Anti-Spam

The Debian wiki page on Postfix suggests some additions to /etc/postfix/main.cf in order to filter out misbehaving MTAs. Nevertheless, one should be aware that the options on the Debian wiki are too restrictive and may end up filtering legitimate servers. This is because some MTAs, even popular ones are misconfigured. A postfix restrictions template for configuring postfix restrictions is available as well as tutorials on SPF, DKIM and greylisting.

E-Mail Size Limit

By default, postfix has a 10MB e-mail size limit, this can be changed by setting:

message_size_limit = 25000000

that would extend the e-mail size limit to 25MB. This limit is enforced if the kernel is patched with grsecurity.

Enable SSL / TLS for Server-Side Communication

postfix is able to talk to servers over SSL or TLS but this functionality is left out from the default configuration and only the necessary setup is in-place to be able to authenticate via SSL. To enable this feature, you have to edit /etc/postfix/main.cf and make sure that the following lines are in place:

# TLS parameters
# These should already be there on Debian. If not, you will have to generate certificates.
smtpd_tls_cert_file=/etc/ssl/certs/ssl-cert-snakeoil.pem
smtpd_tls_key_file=/etc/ssl/private/ssl-cert-snakeoil.key
smtpd_tls_session_cache_database = btree:${data_directory}/smtpd_scache
smtp_tls_session_cache_database = btree:${data_directory}/smtp_scache

# Enable TLS and offer TLS option to connections.
smtpd_use_tls = yes
smtp_use_tls = yes
smtp_tls_note_starttls_offer = yes

# The CA for the certificates above. On Debian, this is at /etc/ssl/certs/ca-certificates.crt
smtpd_tls_CAfile = /etc/ssl/certs/ca-certificates.crt
smtp_tls_CAfile = $smtpd_tls_CAfile

# Enable TLSv1 and SSLv3, offer them when receiving not only authentication.
smtpd_tls_received_header = yes
smtpd_tls_mandatory_protocols = SSLv3, TLSv1
smtpd_tls_mandatory_ciphers = medium
smtpd_tls_auth_only = no
smtpd_tls_loglevel = 1

# Source of randomness.
tls_random_source = dev:/dev/urandom

Enable Alternate Ports

Since many ISPs block outgoing port 25, it is helpful to have postfix (or any other mail server) listening on an alternate port, alongside port 25. This is an easy task, just edit /etc/postfix/master.cnf and enable submission (port 587) and smtps (port 465):

submission inet n       -       -       -       -       smtpd
smtps     inet  n       -       -       -       -       smtpd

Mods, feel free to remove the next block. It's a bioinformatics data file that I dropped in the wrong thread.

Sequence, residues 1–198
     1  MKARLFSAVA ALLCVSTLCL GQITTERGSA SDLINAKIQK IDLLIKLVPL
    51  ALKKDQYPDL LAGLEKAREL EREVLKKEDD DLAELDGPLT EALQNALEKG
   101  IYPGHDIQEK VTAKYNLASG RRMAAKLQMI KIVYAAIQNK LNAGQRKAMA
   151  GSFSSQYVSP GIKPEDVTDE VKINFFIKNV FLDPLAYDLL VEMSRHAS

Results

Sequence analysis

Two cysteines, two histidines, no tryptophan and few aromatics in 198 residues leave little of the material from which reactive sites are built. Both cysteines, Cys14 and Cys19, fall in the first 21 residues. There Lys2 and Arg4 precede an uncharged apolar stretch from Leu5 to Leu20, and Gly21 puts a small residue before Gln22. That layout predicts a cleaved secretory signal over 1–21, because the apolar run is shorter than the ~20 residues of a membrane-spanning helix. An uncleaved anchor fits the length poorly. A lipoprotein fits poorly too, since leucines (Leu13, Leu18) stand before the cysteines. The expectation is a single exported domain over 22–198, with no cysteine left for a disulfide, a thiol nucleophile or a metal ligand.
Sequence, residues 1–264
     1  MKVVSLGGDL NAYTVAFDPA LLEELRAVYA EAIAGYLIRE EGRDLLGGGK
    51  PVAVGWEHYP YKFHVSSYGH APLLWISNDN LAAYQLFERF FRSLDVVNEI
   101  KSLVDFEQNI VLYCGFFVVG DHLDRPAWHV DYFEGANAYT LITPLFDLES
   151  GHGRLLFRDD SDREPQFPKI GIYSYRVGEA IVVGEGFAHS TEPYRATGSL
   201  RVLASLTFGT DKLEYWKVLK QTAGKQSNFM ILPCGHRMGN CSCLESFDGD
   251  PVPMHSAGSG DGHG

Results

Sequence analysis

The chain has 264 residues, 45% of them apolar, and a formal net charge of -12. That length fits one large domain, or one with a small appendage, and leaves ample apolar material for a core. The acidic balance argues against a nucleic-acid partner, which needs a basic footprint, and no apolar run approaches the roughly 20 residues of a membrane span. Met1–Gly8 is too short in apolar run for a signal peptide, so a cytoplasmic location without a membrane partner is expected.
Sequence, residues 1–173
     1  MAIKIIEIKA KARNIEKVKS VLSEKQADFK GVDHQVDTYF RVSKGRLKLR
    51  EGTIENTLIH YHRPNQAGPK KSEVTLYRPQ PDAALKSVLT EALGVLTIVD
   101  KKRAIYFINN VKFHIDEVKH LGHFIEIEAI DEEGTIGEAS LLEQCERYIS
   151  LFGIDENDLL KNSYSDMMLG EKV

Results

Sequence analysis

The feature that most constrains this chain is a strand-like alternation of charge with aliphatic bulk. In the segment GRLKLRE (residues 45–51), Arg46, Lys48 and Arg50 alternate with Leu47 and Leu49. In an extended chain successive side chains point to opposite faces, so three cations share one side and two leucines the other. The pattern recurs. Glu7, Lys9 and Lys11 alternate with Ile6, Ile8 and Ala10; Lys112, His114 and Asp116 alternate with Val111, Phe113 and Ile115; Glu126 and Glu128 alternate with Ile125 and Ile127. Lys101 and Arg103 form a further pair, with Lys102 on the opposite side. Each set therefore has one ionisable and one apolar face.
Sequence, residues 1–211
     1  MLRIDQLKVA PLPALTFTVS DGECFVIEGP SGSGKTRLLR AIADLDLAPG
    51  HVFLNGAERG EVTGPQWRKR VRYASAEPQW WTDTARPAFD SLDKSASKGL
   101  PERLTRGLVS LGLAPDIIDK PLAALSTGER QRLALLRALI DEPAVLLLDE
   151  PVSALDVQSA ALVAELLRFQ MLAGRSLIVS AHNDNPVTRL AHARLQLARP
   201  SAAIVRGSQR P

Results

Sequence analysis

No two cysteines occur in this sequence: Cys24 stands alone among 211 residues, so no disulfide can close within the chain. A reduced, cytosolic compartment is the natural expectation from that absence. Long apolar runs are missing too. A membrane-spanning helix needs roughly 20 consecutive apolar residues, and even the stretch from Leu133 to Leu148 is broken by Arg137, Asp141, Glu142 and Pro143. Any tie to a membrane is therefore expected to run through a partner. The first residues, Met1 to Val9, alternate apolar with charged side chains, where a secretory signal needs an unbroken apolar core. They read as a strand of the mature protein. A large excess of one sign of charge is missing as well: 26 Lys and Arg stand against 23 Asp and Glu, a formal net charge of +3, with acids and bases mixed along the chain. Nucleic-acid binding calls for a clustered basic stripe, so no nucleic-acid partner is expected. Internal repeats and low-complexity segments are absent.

Remember to correctly port-forward these ports as you do for port 25. Provided that your publicly accessible SMTP server has the domain name smtp.domain.com, you can now tell your users to set their clients to use:

smtp.domain.com:465

or:

smtp.domain.com:587

as their outgoing mail server.

Purge E-mails from the Postfix Queue

Using postqueue we can print the current e-mail queue:

postqueue -p

which will list the e-mails in the queue referenced by their ID:

1643B4D8687* 1783520 Mon Jun  1 01:30:17  office@mail.com
                                         me@hotmail.com

9354B4F82A6* 1735720 Tue Jun  3 08:36:53  office@mail.com
                                         me@hotmail.com

where the first column indicates the mail IDs. The e-mails can now be removed from the queue using postsuper:

postsuper -d 1643B4D8687

to delete the first e-mail and:

postsuper -d 9354B4F82A6

to delete the second e-mail.

Create Blacklist

Considering that postfix is set-up correctly, create a file called /etc/postfix/blacklist which contains a list of e-mail addresses and REJECT as the predicate, line-by-line:

test@gmail.com REJECT
some.one@yahoo.com REJECT

After that, hash the file using:

postmap hash:/etc/postfix/blacklist

and you will notice that a new file appeared called /etc/postfix/blacklist.db. This is the file that postfix will use internally to filter the e-mail addresses.

The last step consists in adding the hash file to the postfix configuration. This can be done by editing /etc/postfix/main.cf and adding the list to smtpd_recipient_restrictions:

smtpd_recipient_restrictions = permit_mynetworks,
    # ... the rest of the stuff here ...
    check_sender_access hash:/etc/postfix/blacklist,
    permit

Now the list will take effect when postfix reloads the configuration:

postfix reload

or by restarting postfix:

/etc/init.d/postfix restart

Censor Sensitive Headers

E-mail clients sometimes bundle a bunch of information in their outgoing headers. Thunderbird, for example, bundles the local IP address of the e-mail client in the header, as well as other information. If you inspect the outgoing e-mails, you will see something like:

Received: from host.local (host.local [192.168.1.12]) (using TLSv1 with cipher ECDHE-RSA-AES256-SHA (256/256 bits)) (No client certificate requested) by mailerhost.com (Postfix) with ESMTPSA id 2B8361FD29 for <garbage@gmail.com>; Sun, 03 Aug 2014 11:20:31 +0000 (UTC)

To eliminate such headers, edit /etc/postfix/main.cf and add the lines:

# Clean the headers
mime_header_checks = regexp:/etc/postfix/clean_headers
header_checks = regexp:/etc/postfix/clean_headers

then create the file /etc/postfix/clean_headers and add the following lines:

/^Received:.*with ESMTPSA/	IGNORE
/^X-Originating-IP:/	IGNORE
/^X-Mailer:/	IGNORE
/^User-Agent:/	IGNORE

Then, use postmap to hash the file:

postmap /etc/postfix/clean_headers